• The variable control unit 150 may be positioned in the same location on the base 62 as the cam 76 was in the first embodiment. The reorienting disc 118 may be mounted to the base 62 such that the reorienting disc 118 is rotatable about an axis along the shaft 154 of the variable control unit 150. The variable control unit 150 may be oriented such that the shaft 154 is at a central angle of rotational travel and coupled to the joint 90 when the spans 32A, 32B, 32C, 32D are aligned and situated in a normal, default setting. Thus, the shaft 154 of the variable control unit 150 functions very similarly to the cam 76 of the first embodiment. Changes in the alignment of the associated span 32A, 32B, 32C, 32D changes the rotation of the shaft 154 of the variable control unit 150 and in turn, the electrical output 156. The electrical output 156 may be utilized to energize and deenergize the associated drive unit 38A, 38B, 38C, 38D, similar to the function of the control switch 78B, as discussed above. For example, a small, first range of angular rotations for the shaft 154 about the central default angle may be similar in function to the control notch 110B of the cam 76. The first range of angular rotations may correspond to a first range of values of the electrical output 156. The output 156 may be a range of resistances, voltages, currents, or digital values. When the shaft 154 rotates beyond the first range of angles, then the electrical output 156 reflects that rotation and may be used to energize the associated drive unit 38A, 38B, 38C, 38D until the shaft 154 rotates to be within the first range of angles. Furthermore, the electrical output 156 may be used to perform the safety switch 78A function as well. A larger, second range of angular rotations for the shaft 154 about a central default angle may be similar in function to the safety notch 110A of the cam 76. If the shaft 154 is rotated beyond the second range of angles, then the irrigation system 12 may be halted.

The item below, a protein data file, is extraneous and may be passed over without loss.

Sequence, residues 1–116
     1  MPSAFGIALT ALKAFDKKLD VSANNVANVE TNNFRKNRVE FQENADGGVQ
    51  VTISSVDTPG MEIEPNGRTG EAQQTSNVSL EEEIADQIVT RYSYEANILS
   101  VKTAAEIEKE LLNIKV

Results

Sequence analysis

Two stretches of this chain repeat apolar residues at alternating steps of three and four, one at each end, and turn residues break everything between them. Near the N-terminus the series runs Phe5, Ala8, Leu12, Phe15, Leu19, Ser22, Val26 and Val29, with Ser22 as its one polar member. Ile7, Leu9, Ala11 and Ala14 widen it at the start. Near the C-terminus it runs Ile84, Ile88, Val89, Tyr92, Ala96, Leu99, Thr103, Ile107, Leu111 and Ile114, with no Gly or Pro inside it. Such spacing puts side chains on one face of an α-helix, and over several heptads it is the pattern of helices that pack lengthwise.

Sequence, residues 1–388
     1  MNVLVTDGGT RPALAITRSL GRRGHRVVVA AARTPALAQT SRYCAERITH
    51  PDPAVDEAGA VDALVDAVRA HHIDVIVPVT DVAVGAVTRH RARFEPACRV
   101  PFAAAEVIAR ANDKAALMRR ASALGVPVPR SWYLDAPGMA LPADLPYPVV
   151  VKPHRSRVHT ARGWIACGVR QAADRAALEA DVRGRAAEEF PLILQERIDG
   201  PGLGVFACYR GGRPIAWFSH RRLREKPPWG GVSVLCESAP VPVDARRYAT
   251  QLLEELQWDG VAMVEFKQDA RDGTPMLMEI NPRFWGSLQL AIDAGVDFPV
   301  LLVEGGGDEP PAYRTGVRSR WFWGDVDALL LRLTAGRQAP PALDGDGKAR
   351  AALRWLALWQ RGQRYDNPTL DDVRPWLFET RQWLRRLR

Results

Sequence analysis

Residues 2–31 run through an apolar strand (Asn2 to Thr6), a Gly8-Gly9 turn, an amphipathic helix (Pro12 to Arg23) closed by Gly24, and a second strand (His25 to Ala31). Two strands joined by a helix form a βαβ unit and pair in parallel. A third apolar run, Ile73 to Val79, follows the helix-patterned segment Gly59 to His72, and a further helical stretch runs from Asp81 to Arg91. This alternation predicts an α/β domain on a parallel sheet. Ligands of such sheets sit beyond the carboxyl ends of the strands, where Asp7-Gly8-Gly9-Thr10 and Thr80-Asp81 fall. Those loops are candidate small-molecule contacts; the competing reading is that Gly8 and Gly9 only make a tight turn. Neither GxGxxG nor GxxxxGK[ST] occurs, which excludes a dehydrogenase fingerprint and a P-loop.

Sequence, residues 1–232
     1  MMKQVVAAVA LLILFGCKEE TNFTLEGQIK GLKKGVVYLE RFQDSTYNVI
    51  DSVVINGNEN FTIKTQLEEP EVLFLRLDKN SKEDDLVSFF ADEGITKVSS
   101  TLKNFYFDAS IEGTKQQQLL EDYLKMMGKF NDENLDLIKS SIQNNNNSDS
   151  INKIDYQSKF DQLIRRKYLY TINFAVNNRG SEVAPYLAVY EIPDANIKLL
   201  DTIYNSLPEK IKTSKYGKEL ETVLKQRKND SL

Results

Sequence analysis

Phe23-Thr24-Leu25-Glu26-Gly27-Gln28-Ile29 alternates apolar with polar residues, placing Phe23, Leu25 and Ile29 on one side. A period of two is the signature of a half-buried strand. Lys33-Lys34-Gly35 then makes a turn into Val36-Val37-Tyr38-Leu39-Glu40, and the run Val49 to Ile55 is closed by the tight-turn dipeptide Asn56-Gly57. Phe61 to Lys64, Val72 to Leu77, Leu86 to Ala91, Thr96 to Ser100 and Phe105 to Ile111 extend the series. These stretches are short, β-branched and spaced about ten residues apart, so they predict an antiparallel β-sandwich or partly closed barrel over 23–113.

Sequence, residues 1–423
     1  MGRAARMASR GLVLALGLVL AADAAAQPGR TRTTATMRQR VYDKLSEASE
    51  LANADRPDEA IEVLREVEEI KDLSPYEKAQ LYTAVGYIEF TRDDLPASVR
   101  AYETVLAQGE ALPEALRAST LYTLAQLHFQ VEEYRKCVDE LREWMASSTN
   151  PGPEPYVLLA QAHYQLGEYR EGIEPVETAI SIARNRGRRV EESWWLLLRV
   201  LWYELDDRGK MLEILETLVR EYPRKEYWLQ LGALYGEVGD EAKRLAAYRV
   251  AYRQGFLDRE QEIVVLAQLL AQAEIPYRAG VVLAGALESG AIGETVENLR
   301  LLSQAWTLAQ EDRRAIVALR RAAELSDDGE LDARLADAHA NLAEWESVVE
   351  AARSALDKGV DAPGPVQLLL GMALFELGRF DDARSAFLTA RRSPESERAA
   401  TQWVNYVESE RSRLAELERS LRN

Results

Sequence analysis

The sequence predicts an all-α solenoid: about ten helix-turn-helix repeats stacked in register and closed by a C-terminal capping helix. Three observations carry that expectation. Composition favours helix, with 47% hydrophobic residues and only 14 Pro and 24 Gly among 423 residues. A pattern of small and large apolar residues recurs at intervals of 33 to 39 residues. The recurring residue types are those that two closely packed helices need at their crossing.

• In some embodiments of the system 10, the electrical output 156 of the variable control unit 150 may be utilized to control the output speed of a variable output motor of the drive units 38A, 38B, 38C, 38D. The system 10 may be configured such that when the span 32A, 32B, 32C, 32D is very close to its default alignment and the shaft 154 is near the center of its rotational travel, then the electrical output 156 may be at a default level and the speed of the associated drive unit 38A, 38B, 38C, 38D may be at or near zero. If the span 32A, 32B, 32C, 32D goes farther out of alignment, then the electrical output 156 may change accordingly, which may be used to increase the speed of the associated drive unit 38A, 38B, 38C, 38D in order to bring the span 32A, 32B, 32C, 32D back into alignment. As the span 32A, 32B, 32C, 32D returns into alignment, the electrical output 156 returns to near its default level, and the speed of the associated drive unit 38A, 38B, 38C, 38D returns to zero or near zero.